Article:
What’s in a gamer tag?


What’s in a gamer tag? That which we call a rose by any other name would smell just as sweet.

Quoting dumb Shakespeare characters aside, sometimes I can’t help but find our online names fascinating. Gamer tags, screennames, usernames, handles – whatever you want to call them, the pseudonyms that most of us use as we play our games or comment on our YouTube videos have a very unique quality to them.

One of the things that I think is so special about our usernames is that they are really the only names that we can easily give ourselves. Most of us are named by our parents before we ever are given to us by our friends or families. Our only other real option is to have our names legally changed, but I can only imagine the kind of awkward explanations we’d have to give our parents as we tell them how terrible they are at naming us. Handles, on the other hand, are almost always chosen by ourselves, giving us the first real opportunity to give ourselves our own identities.

Which is kind of funny, considering most of us create these names to hide our real identities in the first place.

I think gamers are especially aware of this, because we are the ones who are most often actually called by our screennames. In online games, other players have no choice but to call you by what you’ve named yourself. Many other situations in which you have a username, such as an email account or company ID’s, act more like addresses rather than identities. Maybe there’s a difference. Perhaps while an address describes you, your gamer tag is you. It, well, identifies you.

It’s all very confusing, really. I’m starting to realize that even as I type. Maybe some examples will help.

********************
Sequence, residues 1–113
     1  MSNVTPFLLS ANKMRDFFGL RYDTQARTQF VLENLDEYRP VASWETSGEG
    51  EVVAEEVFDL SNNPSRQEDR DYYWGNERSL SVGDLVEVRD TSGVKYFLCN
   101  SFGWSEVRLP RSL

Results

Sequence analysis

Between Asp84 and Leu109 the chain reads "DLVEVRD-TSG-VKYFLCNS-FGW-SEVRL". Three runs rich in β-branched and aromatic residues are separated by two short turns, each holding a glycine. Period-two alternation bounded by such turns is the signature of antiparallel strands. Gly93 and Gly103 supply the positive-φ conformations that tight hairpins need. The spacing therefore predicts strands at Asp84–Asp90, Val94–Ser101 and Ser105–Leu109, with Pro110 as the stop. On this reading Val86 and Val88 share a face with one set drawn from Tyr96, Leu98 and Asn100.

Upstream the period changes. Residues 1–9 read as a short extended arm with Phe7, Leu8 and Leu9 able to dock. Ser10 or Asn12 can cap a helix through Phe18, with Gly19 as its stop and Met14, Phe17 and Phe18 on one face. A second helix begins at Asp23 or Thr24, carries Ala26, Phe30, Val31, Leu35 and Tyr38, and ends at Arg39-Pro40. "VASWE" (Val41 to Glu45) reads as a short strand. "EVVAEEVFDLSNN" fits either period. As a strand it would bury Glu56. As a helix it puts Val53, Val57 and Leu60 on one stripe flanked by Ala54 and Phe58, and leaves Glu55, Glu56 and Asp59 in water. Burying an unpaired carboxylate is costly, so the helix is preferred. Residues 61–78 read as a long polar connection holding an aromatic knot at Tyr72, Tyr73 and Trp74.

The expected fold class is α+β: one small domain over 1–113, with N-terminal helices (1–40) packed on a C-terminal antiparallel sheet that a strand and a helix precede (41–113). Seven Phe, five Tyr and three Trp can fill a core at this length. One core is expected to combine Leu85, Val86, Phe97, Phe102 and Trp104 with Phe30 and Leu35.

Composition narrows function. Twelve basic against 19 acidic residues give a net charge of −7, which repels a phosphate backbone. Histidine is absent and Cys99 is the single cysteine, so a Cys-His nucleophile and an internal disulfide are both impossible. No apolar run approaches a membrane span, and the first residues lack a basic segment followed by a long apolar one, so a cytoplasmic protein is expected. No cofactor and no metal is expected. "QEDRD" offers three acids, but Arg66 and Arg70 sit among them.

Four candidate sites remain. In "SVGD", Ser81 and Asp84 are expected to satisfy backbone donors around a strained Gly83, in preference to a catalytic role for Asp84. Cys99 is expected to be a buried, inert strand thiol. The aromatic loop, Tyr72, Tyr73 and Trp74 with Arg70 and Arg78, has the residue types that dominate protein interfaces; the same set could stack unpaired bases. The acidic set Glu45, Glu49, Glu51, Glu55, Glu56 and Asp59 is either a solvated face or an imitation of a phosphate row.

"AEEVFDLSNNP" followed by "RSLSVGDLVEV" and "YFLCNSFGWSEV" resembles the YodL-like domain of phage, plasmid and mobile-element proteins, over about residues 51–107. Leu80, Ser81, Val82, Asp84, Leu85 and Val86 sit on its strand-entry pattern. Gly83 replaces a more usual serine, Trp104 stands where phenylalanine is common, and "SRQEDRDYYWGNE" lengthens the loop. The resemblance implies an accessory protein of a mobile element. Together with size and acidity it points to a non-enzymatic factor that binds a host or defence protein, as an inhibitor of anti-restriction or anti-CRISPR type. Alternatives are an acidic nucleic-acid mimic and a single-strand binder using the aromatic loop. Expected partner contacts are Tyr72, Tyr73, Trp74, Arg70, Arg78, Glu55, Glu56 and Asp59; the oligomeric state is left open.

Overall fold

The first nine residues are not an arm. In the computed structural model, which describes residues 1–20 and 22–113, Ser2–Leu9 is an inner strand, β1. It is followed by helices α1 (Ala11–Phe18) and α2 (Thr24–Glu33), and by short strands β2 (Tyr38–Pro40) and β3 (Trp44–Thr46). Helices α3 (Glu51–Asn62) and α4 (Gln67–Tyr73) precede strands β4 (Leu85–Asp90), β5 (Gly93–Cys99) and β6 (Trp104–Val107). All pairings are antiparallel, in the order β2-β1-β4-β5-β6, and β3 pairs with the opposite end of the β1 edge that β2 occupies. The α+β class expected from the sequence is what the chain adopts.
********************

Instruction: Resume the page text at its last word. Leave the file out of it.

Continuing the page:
Over the course of the last 5-8 years, the concept of internet celebrities has begun to rise, due mostly to services like YouTube, Twitch.tv, and the rise of e-sports. Since most of these celebrities started out as normal gamers or hobbyists like us, they gave themselves virtual names the same way we do. This is how we’ve come to revere names like TotalBiscuit, PewDiePie, Dyrus, and Balls.

Have you ever watched some of these people get interviewed face-to-face and still get called by their screenname? It just seems so bizarre to think about thousands of people cheering you on in a video game tournament, chanting a moniker you came up with one day on the spot.

While I’m certainly no internet celebrity, I do faithfully go by the name Junambo wherever I go on the internet, including most games. As such, I’ve occasionally found a friend here and there who knows me by that name first. It’s a little jarring at first when you meet someone face-to-face for the first time and are introduced by the name you’ve been playing as for years.

That’s how usernames can become as much a part of our identities as our given names are. To me, Junambo isn’t just a series of letters I type to log into League of Legends. Junambo simply is me. It’s my name – or at least one of them – and I’m not so sure I’d be the same without it. It’s gotten to the point where I sometimes simply introduce myself to new people as Jun, even outside of the virtual world.

So no matter whether I smell sweet as a rose or foul as a rafflesia, a Junambo by any other name just wouldn’t be the same.

6 comments on “What’s in a gamer tag?”

  1. You’re right, it’s the only name you can choose for yourself, and if you’ve used it for some time, it becomes synonymous with you! I’ve been YvoCaro too for some 10 years now, and it feels just as natural as being Yvonne!

  2. I really enjoyed this! It’s interesting to think you can create a whole other identity online, with your own name and everything, and then have it be transferred over to reality. I guess it also depends on how open these YouTube and Twitch celebrities are with their fans (i.e., some will tell fans their real first name and some won’t).

    1. Thanks! And you’re right. I can think of a few YouTube celebs who use their real names just as often as their “e-names” (Like Arin, a.k.a. Egoraptor) as well as some who are almost exclusively called by their e-names even by their co-workers, such as Total Biscuit or Sips from the Yogscast. In fact, the opening to Sips’s 1 million subscribers video has a fun example of that.

  3. I’ve never really thought too much about the importance of meaning behind a gamer tag. Of course, I am now. Interesting indeed. I know I would certainly like the ability to change at least one of them *cough* (PSN!) *cough*

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